Forskning
Udskriv Udskriv
Switch language
Region Hovedstaden - en del af Københavns Universitetshospital
Udgivet

Associations between adolescent and adult socioeconomic status and risk of obesity and overweight in Danish adults

Publikation: Bidrag til tidsskriftTidsskriftartikelForskningpeer review

DOI

  1. Abdominal fat distribution measured by ultrasound and aerobic fitness in young Danish men born with low and normal birth weight

    Publikation: Bidrag til tidsskriftTidsskriftartikelForskningpeer review

  2. Theoretical frameworks informing family-based child and adolescent obesity interventions: A qualitative meta-synthesis

    Publikation: Bidrag til tidsskriftTidsskriftartikelForskningpeer review

  3. Maintaining a clinical weight loss after intensive lifestyle intervention is the key to cardiometabolic health

    Publikation: Bidrag til tidsskriftTidsskriftartikelForskningpeer review

  4. Psychological predictors of weight loss after bariatric surgery: a review of the recent research

    Publikation: Bidrag til tidsskriftReviewForskningpeer review

  1. The Copenhagen Primary Care Laboratory Pregnancy (CopPreg) database

    Publikation: Bidrag til tidsskriftTidsskriftartikelForskningpeer review

Vis graf over relationer

BACKGROUND: It has been suggested that socioeconomic status (SES) may influence the risk of obesity; however it is important to consider individual changes in SES over the life-course in addition to SES at specific time-points to better understand the complex associations with obesity. We explored the relationship between lifetime-specific and life-course SES and risk of obesity and overweight in Danish adults.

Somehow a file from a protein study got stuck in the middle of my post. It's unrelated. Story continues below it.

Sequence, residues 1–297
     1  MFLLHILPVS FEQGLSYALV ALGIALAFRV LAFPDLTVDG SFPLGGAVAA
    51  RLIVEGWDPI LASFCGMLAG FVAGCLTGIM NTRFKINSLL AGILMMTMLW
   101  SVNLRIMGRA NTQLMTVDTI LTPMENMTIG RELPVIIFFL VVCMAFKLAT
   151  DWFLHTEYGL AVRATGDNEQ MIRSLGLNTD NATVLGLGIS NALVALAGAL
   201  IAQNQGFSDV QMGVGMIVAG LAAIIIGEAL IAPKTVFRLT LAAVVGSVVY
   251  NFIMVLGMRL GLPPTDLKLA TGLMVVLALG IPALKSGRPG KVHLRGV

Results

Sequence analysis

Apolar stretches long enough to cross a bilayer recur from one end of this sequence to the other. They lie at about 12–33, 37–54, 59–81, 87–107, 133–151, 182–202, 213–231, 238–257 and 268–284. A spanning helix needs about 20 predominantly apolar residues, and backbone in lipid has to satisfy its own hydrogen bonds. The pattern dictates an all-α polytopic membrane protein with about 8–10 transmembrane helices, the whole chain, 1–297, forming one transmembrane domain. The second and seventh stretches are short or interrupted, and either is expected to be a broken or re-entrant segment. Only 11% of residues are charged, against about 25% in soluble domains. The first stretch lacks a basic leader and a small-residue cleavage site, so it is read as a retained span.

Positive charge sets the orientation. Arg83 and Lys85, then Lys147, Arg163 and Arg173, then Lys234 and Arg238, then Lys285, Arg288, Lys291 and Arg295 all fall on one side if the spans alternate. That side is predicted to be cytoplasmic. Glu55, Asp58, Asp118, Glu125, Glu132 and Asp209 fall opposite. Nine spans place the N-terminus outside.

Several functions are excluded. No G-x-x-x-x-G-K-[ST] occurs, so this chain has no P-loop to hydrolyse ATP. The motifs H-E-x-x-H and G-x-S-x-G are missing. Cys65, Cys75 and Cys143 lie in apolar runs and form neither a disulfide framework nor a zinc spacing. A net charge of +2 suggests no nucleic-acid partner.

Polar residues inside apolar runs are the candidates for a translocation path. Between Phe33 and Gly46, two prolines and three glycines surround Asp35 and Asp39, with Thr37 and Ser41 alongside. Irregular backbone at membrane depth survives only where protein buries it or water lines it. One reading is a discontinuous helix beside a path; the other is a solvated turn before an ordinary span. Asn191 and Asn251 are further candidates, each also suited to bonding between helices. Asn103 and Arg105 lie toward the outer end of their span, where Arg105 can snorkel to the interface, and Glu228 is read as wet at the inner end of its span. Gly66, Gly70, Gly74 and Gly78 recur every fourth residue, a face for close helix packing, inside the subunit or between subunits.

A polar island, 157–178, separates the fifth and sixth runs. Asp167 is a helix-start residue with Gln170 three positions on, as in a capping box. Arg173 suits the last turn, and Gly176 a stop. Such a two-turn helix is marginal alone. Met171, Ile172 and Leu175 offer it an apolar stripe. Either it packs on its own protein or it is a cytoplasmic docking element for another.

METHODS: Data were used from the Danish Youth and Sports Study (DYSS) – a 20–22 year follow-up study of Danish teenagers born between 1964 and 1969. Baseline data gathered in 1983 and 1985 included self-reported BMI, SES and physical activity. The follow-up survey (2005) repeated these assessments in addition to an assessment of diet. Complete data on adolescent and adult SES and BMI were available for 623 participants.

RESULTS: Following adjustments, adolescent SES had no significant association with overweight/obesity in this sample, however females of low or medium adult SES were significantly more likely to be overweight/obese compared to those of high SES (low SES: OR: 2.7; 95% CI: (1.3–5.8); p = 0.008; medium SES: OR: 4.0, 95% CI (1.6–10.2); p = 0.003). Females who decreased in SES during adulthood were significantly more likely to be overweight/obese compared to those who remained of high SES (OR: 3.1; 95% CI (1.1–9.2); p = 0.04).

CONCLUSION: Effects of early life-factors may be conditional upon the environment in adulthood, particularly for the women. Further research should consider the timing of SES exposure and the mechanisms which may be responsible for the socioeconomic gradients in prevalence of obesity and overweight.

OriginalsprogEngelsk
TidsskriftObesity Research & Clinical Practice
Vol/bind8
Udgave nummer2
Sider (fra-til)e163-71
ISSN1871-403X
DOI
StatusUdgivet - 20 apr. 2014

ID: 44395943